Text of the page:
Sunday, August 14, 2011

Desktop sized "cloud"

Or, here's my pet mini-cloud

I first used VMWare workstation as a development tool somewhere around 20003. It was a cost effective way to test the software I was working on against quirks of different operating systems. On one linux desktop I could have all my development tools, including a few Windows95 installations.
So, now you're asking - "what does that have to do with  clouds?" Well, no much yet.

For my current project (Crowbar) I found myself needing a setup that includes:

  • Multiple OS flavors 
    • Win XP for access to corporate resources
    • ubuntu 10.10 and 11.04 - main testing targets
    • Redhat  and Centos - for some dev work and testing
  • Varying numbers of machines, pretty much depending on the day
    • For basic development 3 machines - development, admin node and a target node
    • For swift and nova (components of openstack) related development - at least 5, sometimes a few more
  • Weird-ish network configurations
    • Network segments to simulate public, private and internal networks for nova and swift
    • An isolated network for provisioning work (avoid nuking other folks' machines)
    • Corporate network... must have the umbilical cord.

Oh, and the mix changes at least twice weekly if not a bit more.
That list is probably a bit too long (though if I was more thorough it would take 2 pages). Imagine how would you build that? How much would it cost to setup? How many cables would you have to run down to make a change?

The most relevant quote I could find (thanks google) , is from Walter Chrysler:

"Whenever there is a hard job to be done I assign it to a lazy man; he is sure to find an easy way of doing it."


And I am lazy. And VMWare ESXi is a great solution for lazy people... standing up a new server by cloning an existing one is so much easier than racking one up and running all the cables (not to mention the paperwork to buy it). Making networking changes is a cinch too - just create the appropriate virtual switch and add  virtual NIC's on that network to all the machines that need access.

Here's a simplified setup, and some notes:



A few observations and attempts to provide logic to the madness:

  • Corporate IT does not really like it to have machines they're not familiar with on their network (i.e. non-corp image). On a network as large as Dell's it's hard to complain about it. That mandates the isolation of all but the one machine from the corp net.
  • The WinXP image is a bastion host of sorts - it is there to provide access to the environment. It is also used to manage the ESX server itself 
  • Access to multiple physical labs is achieved in 2 ways:
    • Multiple NIC's in the ESX server (6 total 1GigE ports)
    • VLan  tagging on the virtual NIC's. The access switch to the isolated labs uses the incoming VLAN ID to select the correct environment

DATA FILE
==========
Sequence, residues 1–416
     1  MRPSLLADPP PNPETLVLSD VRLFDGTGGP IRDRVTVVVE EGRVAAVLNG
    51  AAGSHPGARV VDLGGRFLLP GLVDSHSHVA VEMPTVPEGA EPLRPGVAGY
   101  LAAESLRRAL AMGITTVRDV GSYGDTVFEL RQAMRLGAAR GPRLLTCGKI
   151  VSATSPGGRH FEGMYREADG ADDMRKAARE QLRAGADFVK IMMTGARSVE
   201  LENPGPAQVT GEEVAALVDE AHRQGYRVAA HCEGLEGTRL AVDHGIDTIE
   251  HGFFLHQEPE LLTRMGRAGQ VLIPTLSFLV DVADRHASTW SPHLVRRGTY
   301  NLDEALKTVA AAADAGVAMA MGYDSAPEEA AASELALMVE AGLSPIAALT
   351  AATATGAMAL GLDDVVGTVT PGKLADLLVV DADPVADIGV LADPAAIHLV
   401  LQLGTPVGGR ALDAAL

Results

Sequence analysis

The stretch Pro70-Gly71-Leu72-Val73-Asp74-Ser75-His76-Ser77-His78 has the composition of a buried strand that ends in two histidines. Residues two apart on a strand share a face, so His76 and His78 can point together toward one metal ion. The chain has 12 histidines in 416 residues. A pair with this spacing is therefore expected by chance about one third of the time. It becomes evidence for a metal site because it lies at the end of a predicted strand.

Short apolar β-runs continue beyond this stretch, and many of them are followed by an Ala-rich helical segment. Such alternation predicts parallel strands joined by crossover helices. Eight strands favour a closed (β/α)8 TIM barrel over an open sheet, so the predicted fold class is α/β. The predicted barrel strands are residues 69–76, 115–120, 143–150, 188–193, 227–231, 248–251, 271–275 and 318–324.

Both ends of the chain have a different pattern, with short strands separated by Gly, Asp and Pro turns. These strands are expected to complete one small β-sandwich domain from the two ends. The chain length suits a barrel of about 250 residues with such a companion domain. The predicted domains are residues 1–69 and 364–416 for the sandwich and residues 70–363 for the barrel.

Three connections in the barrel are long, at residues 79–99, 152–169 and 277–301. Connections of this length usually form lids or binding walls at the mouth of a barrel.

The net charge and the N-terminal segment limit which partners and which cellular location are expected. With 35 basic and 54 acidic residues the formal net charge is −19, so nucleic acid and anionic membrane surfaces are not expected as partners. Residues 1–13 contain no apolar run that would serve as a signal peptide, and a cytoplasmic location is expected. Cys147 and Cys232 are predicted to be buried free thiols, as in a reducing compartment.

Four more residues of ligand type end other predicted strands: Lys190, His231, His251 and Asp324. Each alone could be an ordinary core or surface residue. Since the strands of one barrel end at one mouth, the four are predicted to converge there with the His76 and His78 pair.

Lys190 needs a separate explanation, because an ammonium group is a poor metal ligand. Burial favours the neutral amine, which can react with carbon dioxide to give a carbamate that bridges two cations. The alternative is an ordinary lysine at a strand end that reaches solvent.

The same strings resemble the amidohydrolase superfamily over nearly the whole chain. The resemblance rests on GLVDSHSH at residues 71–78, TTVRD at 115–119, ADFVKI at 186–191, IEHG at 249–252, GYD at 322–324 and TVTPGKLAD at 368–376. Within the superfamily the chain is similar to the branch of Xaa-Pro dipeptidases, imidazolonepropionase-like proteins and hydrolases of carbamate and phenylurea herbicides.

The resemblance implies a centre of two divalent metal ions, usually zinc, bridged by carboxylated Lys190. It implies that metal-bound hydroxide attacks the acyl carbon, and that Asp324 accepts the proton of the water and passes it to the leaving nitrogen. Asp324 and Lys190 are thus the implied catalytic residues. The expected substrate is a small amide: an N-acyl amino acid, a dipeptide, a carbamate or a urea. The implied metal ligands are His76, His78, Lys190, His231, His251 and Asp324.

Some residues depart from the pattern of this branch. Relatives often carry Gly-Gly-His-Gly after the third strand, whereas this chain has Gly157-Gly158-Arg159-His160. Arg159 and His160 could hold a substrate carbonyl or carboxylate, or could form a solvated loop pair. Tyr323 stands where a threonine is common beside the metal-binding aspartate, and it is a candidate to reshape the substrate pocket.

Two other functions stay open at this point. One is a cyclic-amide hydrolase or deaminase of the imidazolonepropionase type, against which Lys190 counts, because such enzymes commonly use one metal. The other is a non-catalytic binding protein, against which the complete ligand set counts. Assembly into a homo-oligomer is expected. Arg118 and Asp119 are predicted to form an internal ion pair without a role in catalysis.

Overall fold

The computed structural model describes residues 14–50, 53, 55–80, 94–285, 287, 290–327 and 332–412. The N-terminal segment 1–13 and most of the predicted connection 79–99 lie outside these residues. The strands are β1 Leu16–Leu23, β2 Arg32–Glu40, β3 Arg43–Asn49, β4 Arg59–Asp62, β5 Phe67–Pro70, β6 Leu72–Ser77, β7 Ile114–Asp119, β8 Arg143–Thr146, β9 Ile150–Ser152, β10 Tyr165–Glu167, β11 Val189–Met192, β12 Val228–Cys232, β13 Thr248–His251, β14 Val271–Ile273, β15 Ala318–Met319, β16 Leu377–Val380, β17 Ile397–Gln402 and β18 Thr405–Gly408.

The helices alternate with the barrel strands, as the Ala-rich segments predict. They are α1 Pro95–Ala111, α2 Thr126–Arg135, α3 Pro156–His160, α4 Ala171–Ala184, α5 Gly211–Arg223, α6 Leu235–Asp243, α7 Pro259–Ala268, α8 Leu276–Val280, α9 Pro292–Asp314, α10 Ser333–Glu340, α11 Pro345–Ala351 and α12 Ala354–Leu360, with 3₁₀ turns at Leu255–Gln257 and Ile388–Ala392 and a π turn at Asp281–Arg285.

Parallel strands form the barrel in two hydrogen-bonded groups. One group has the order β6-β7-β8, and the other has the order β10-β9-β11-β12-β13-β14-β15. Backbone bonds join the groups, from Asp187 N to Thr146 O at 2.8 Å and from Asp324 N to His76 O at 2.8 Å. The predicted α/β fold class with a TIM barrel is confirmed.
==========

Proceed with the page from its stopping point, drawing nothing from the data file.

ESX configuration

The test VM's are configured with the equivalent of a AWS tiny to small instances (i.e.1-2 Gb RAM, 2 virtual cores) depending on their workloads. The actual development VM's are beefier, more like a large (7 Gb RAM, 4 cores).
The server is configured with 2 resources pools - one for "Access" and one for pretty much everything else. The intent is to ensure that whatever crazy things are going on in the test VM's (anyone ever peg a CPU @100% for a bit?), I can keep working.

As was famously said - clouds still run on metal ... so here are the metal specs:
  •  2 socket, 4 core Xenon @ 2.4Ghz
  • 24 Gb Ram
  • 500Gb 15k SAS disks
With this hardware I've been running up to 12 VM's, and being somewhat productive. My biggest complaint is about Disk IO performance, especially seeing that DVD sized images fly all over the place. To solve that, I'll be migrating this setup to a Dell PEC 2100 box, with 12 spindles configured in a RAID 1E setup. 




But is it a cloud?

Some of the popular definitions for cloud involve the following criteria:

  1. Pay-per-use
  2. On-demand access to resources, or at least the ability of the resource user to self provision resources
  3. Unlimited resources, or at least the perception thereof
For the desktop sized cloud, money is not a factor. so scratch that.

Since I pretty much configure ESX at will, I think I get a check on the "on-demand" aspect. Yes, I mostly use the vCenter user interface, nothing as snazzy as the AWS API's. In previous life I've used the VMWare SDK (the perl version), and was pretty happy with the results. Its just that most of the changes to the environment fall into too many buckets to justify spending the time trying to automate them

Now, my current server is far from having unlimited resources....but unless you deal with abstract math - there  is no real unlimited-ness. What actually matters is the ratio of:  "how much I need" to "how much I have".  The oceans are bounded, but if all you need is a few tea cups worth of water, you're probably comfortable considering the ocean an unlimited resource.
Opps... back to servers. Over the past few weeks, I've been taking snapshots of performance metrics. CPU utilization is around 50%, Disk capacity is < 30%. Memory is my current barrier, around 80%.

If I needed to double the size of my virtual setup today, I could probably do that. The physical resources are pretty limited, but the head room they afford me is making me think oceans.

This is by no means AWS scale. But, I think I'll still name my server "cloudi - the friendly desktop mini-cloud"